Random header image... Refresh for more!

What Should You Write?

There’s a tiny point that I don’t want to have get lost inside why I read your blog, and that is a piece of advice that someone gave me while dating that applies to writing too.

There were plenty of ways to meet people while I was single.  Some of them involved attending events where all the people there would be people who were also looking for someone to date; singles events in bars, for instance.  On the surface, attending events like that were ideal because I knew for certain that the people I would meet were looking to date too.  There was actually only one problem with those singles events.

I dislike bars.

Sometimes I would suck it up and go, and sometimes I even met a nice guy and got a date out of it.  But most of the time, I went home frustrated because I had spent two hours doing something I disliked and had nothing to show for it.

On the other hand, I really enjoy sitting in coffeehouses, reading.  It’s what I did most evenings when I was single.

Most of the other people in the coffeehouse I frequented weren’t looking to hook up.  They were meeting friends or going out on dates already or getting work done.  But every so often, I’d fall into a conversation with a guy at the neighbouring table.  And every so often, I would end up with a date from it.  And really, those dates usually led to more dates since the guy and I had something in common: we both liked to read in coffeehouses.

What is the point of all of this?  And how does it apply to writing?

If you do the activities you like to do, you may meet someone great or you may not, but at least it will be time well-spent.  You’ll walk away from the activity feeling fulfilled, and if you meet someone great along the way, that’s the icing on the cake.  You can’t really force meeting someone anyway.  All you can do is put yourself out there so your paths can intersect.

If you write the posts you want to write, you may get readers or you may not, but at least it will be time well-spent.  You’ll walk away from your blog feeling fulfilled.  If nothing else, you’ll have a record of thoughts and some weight off your chest.  And if your words resonate with someone else, that is the icing on the cake.  You can’t force readership.  There is no magical formula where if you write X then you will get Y.  There are no shortcuts.  All you can do is put content out there that resonates with you, and hopefully you will find that it resonates with other people.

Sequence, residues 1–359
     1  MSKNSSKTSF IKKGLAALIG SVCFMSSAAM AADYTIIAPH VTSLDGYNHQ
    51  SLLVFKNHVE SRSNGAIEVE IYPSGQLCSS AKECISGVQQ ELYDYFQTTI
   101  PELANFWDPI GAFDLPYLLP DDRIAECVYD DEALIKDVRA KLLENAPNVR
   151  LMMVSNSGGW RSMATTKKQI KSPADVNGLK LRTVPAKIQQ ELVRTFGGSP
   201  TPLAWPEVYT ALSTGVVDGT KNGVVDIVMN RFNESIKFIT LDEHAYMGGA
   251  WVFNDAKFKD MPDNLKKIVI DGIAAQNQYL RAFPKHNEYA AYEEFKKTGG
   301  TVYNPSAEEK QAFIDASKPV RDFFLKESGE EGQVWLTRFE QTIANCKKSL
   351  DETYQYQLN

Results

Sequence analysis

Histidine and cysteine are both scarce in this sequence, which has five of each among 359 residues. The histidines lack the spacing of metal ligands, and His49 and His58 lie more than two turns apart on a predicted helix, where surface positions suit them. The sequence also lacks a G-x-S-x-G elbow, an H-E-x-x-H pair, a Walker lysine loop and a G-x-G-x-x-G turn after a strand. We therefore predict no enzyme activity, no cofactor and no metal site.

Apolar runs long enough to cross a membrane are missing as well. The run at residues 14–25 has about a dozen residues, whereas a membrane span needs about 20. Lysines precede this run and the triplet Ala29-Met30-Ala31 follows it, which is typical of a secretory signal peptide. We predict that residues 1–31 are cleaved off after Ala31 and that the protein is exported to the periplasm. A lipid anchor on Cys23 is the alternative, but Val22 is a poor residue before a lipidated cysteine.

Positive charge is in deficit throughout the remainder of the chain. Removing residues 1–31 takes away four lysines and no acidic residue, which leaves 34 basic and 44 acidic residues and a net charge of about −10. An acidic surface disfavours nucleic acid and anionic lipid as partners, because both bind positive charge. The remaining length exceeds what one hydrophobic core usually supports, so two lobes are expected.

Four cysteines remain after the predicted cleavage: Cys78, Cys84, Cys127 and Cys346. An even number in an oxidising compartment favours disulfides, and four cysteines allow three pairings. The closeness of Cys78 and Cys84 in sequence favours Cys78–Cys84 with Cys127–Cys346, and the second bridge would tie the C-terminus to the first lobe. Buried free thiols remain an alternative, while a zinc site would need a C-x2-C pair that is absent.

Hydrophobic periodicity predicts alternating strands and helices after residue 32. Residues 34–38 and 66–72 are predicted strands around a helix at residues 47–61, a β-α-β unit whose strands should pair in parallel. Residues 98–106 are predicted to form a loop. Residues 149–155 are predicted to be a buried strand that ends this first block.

Like this post.  I wrote it for me.  To remember this advice lest it gets forgotten someday.  Because I’ve always found it an interesting frame in which to make choices.  Because it’s what I want to say.  Hopefully, it’s also something other people want to read.  But I can’t control for that.

On the other hand, there are plenty of topics I could write about that I think would bring readers.  They don’t really interest me; writing about them would be like attending those bar events.  If the readers didn’t come, I’d be cranky that I had spent my time on those topics.

So I don’t.  I stick to what I want to say, and I stick to reading in coffeehouses.

Both have served me well thus far.


1 Kate (Bee In The Bonnet) { 03.23.14 at 9:49 am }

YES. I’ve seen at least a couple of instances of friends who have decided to start a blog as a business, and even though they’re technically writing parenting blogs, knowing that everything (everything…) they write seems to be geared toward garnering the most readers, the most exposure, while also offending absolutely no one, and with the occasional (read: FREQUENT) sponsored post thrown in, I kinda wonder if they have ever thought that they might have more readers, that they wouldn’t have to beg people to read their posts, if they just actually wrote something interesting.

But, then again, if their goal is to make money, that’s a very different goal than creating a community, building bridges, making friends, etc., and one that might not be served as well with authentic (non-sponsored) writing.

Maybe I’m just spoiled by the community here, where I made friends by writing posts that I enjoyed (and by reading/commenting on posts that I enjoyed). My goal, if it had to be defined in such terms, was to share my story and to foster discussion with other people who wanted to share stories, and as a result, I met lots of other people with stories to tell. And it doesn’t seem that this is the case, universally. It’s a bit of the golden rule isn’t it? Behave in a way that garners the outcome you’d prefer (sort of?). If you want to build readership, write things that you’d like to read.

2 Tara { 03.23.14 at 1:56 pm }